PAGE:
The Law Society of Alberta is the self governing body for Alberta’s lawyers. Its authority comes from Alberta’s Legal Profession Act.
The Law Society recognizes the importance of privacy and the sensitivity of personal information it obtains in carrying out its regulatory functions. Personal information is managed in accordance with the Personal Information Protection Act and other applicable laws.
This policy outlines the principles and practices the Law Society follows in administering personal information. It applies to the Law Society and to the Alberta Lawyers’ Insurance Association (“ALIA”), a subsidiary corporation of the Law Society established under the Legal Profession Act. It also applies to anyone providing services on the Law Society’s behalf.
What is personal information?
“Personal information” means information about an identifiable individual, including name, address and phone number, age, gender, identifying numbers, financial information, educational history, and regulatory information.
What personal information does the Law Society collect?
The Law Society collects personal information relevant to regulating lawyers who provide legal services in Alberta. The activities in which personal information is collected include:
- lawyer accreditation and membership, including lawyers practising in Alberta under inter jurisdictional agreements;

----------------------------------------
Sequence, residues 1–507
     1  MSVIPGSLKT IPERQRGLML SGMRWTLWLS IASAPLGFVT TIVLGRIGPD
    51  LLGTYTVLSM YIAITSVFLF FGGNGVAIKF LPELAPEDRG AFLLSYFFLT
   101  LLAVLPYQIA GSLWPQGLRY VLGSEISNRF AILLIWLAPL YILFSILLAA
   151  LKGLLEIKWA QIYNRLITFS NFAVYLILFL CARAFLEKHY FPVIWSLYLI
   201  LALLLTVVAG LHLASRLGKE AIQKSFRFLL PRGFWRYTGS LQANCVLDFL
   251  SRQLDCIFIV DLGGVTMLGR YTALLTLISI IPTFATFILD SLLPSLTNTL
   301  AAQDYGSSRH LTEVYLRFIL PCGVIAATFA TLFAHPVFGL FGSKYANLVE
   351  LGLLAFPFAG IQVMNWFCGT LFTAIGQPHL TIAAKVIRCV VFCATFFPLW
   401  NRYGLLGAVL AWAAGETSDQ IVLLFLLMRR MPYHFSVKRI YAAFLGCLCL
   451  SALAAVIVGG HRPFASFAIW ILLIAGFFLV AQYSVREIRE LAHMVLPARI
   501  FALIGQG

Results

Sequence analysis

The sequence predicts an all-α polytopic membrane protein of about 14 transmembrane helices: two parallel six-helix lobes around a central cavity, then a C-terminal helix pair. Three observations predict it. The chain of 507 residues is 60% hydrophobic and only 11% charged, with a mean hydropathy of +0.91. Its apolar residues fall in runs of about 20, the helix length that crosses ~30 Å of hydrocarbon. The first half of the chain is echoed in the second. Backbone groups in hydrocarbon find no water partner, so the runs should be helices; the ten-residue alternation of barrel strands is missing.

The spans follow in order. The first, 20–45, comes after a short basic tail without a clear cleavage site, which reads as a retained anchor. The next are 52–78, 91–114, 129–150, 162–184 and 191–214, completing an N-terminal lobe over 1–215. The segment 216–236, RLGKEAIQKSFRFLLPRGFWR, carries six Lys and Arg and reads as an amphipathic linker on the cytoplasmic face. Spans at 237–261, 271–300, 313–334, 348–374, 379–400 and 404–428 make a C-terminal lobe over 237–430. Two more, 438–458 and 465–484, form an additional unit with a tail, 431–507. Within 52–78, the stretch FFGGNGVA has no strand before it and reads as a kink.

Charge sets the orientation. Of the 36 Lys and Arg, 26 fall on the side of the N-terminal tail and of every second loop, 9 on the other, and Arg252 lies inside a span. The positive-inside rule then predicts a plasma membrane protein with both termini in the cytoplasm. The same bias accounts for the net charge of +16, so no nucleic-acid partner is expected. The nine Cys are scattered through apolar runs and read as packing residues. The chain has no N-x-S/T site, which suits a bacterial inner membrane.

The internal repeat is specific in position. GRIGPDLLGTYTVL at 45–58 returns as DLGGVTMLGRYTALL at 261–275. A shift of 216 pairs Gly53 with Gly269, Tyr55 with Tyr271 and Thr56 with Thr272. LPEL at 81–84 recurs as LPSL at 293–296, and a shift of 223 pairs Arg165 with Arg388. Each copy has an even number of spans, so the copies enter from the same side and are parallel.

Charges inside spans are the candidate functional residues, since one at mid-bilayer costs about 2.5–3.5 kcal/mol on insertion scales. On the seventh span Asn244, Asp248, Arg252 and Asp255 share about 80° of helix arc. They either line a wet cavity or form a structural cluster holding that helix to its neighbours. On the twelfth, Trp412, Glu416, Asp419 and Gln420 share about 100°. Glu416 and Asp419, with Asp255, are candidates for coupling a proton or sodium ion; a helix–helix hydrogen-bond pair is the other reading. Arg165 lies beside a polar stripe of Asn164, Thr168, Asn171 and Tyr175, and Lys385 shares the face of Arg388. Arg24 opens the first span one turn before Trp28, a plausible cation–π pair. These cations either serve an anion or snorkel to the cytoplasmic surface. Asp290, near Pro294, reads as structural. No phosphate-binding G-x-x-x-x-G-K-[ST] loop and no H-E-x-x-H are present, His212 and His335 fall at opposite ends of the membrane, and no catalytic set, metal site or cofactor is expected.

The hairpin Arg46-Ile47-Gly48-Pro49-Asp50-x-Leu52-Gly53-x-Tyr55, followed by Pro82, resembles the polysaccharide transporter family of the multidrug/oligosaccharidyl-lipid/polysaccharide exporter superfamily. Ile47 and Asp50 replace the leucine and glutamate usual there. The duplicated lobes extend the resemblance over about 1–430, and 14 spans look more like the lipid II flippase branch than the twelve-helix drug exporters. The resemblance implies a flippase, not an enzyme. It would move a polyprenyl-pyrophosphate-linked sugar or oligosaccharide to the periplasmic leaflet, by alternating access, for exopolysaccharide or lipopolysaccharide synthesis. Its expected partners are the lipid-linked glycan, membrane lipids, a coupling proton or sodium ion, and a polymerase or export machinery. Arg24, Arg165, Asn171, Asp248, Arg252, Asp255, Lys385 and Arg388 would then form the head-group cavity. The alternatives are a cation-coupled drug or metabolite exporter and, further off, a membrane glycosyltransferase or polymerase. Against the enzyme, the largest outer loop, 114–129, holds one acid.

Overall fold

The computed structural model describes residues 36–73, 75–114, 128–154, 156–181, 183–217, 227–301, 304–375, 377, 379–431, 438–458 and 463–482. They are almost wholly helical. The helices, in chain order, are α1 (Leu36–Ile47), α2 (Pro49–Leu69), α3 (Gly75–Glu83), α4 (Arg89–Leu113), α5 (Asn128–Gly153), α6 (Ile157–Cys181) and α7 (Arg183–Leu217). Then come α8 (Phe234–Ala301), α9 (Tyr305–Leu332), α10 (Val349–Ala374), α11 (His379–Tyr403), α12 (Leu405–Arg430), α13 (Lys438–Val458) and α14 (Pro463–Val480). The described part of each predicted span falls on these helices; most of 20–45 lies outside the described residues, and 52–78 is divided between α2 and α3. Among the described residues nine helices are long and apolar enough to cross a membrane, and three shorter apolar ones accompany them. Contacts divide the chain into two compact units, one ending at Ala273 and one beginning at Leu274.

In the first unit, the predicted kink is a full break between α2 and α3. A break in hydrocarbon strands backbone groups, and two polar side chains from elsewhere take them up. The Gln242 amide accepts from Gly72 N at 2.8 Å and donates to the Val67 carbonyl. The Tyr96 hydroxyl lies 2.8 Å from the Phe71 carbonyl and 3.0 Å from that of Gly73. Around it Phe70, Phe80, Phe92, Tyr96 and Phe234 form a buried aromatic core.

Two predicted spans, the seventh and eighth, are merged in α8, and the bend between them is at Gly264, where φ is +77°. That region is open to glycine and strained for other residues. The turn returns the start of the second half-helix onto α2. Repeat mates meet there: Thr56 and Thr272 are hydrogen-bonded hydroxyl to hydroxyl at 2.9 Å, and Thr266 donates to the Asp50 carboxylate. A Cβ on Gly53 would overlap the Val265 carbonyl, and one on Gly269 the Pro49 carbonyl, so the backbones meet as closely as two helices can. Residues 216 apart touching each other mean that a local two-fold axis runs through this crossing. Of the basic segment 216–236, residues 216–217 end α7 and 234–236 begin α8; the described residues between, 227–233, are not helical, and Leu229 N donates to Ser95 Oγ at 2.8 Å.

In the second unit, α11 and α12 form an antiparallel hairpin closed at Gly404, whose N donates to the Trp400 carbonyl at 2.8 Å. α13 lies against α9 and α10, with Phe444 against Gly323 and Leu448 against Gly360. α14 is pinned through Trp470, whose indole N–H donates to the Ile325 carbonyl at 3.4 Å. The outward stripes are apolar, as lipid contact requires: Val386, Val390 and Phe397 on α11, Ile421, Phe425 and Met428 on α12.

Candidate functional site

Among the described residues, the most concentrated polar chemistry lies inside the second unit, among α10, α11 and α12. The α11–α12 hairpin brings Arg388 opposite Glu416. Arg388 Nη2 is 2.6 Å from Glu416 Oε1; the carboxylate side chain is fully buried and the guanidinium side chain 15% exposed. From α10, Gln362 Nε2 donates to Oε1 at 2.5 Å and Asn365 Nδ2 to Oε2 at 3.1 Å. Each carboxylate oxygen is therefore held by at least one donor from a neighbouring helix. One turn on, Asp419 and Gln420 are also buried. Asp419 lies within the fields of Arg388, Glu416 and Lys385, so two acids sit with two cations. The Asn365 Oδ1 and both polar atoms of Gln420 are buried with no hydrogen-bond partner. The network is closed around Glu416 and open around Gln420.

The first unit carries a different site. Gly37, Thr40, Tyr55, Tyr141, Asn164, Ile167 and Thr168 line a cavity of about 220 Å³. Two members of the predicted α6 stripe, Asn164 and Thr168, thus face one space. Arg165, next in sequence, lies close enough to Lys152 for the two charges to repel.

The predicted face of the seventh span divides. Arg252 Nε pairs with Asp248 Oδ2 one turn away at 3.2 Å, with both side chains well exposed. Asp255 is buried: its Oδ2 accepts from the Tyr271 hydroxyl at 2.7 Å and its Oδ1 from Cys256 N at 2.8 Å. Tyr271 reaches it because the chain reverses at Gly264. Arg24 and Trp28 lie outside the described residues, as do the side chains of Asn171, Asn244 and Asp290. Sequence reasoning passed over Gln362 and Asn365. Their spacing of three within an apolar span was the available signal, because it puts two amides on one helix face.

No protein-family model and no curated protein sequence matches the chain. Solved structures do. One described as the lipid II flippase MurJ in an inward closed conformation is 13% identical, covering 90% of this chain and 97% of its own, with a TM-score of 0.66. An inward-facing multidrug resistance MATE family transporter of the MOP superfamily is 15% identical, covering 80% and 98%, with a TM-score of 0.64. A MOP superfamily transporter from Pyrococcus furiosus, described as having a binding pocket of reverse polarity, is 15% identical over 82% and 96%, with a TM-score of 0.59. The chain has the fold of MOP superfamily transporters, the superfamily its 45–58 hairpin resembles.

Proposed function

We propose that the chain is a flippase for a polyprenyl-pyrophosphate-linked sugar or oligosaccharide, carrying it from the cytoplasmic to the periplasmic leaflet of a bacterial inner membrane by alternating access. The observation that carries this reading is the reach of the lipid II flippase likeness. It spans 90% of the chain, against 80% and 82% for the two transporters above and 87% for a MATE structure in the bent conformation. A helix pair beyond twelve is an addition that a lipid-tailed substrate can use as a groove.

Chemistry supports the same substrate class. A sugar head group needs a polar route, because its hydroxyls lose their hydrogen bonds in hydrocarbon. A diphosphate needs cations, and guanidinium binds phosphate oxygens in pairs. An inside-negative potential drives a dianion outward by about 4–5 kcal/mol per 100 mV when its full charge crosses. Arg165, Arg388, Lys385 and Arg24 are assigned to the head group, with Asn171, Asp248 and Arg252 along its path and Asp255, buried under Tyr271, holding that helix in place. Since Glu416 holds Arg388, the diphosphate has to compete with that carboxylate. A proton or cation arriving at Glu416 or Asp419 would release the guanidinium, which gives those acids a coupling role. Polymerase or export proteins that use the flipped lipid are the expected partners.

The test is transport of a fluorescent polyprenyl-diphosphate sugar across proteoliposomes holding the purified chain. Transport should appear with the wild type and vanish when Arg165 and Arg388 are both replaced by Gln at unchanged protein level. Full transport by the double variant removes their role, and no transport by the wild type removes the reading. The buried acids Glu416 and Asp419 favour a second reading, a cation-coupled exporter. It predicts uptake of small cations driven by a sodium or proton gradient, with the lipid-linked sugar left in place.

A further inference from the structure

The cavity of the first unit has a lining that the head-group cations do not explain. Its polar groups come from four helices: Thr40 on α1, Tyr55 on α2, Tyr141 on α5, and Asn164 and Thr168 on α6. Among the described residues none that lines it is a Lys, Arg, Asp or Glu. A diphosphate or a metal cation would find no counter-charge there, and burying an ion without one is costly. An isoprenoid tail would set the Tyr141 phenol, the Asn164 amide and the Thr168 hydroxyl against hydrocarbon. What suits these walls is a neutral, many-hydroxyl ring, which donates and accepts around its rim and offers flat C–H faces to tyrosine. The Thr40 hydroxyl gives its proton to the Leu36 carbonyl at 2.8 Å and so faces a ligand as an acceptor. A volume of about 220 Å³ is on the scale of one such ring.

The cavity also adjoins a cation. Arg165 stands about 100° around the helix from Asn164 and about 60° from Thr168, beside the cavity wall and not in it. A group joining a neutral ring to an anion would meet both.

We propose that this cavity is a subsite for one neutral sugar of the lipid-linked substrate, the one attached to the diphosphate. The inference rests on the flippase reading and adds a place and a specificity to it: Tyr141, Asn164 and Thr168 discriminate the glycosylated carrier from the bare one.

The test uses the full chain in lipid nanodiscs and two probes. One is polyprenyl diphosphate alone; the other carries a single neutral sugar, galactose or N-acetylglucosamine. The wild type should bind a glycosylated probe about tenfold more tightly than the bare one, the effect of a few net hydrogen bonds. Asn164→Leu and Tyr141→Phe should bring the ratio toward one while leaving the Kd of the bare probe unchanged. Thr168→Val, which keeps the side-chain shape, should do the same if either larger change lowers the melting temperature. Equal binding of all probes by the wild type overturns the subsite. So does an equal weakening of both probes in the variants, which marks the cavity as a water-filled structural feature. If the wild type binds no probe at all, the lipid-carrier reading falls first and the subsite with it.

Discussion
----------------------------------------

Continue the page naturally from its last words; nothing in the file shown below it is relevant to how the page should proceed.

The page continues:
- administering insurance matters by ALIA;
- complaints or disciplinary investigations and hearings, which can lead to a reprimand, a fine, the imposition of conditions, a suspension and/or disbarment;
- Assurance Fund investigations and hearings, which can lead to an individual being compensated for funds misappropriated or wrongfully converted by a lawyer;
- auditing of law practice accounts, records, and funds, to assist in the prevention and detection of misuse of client funds;
- practice review proceedings and investigations;
- good character hearings, including any necessary investigations;
- applications for reinstatement by disbarred, suspended and inactive members, including investigations; and
- the investigation and prosecution of cases involving the unauthorized practice of law.
The Law Society usually collects personal information from the subject of the information. It may collect information from other sources with permission or as authorized by law.
When the Law Society collects personal information directly from an individual, it will inform the individual of the purposes for which it is collecting the information, except when the individual voluntarily provides the information for an obvious purpose.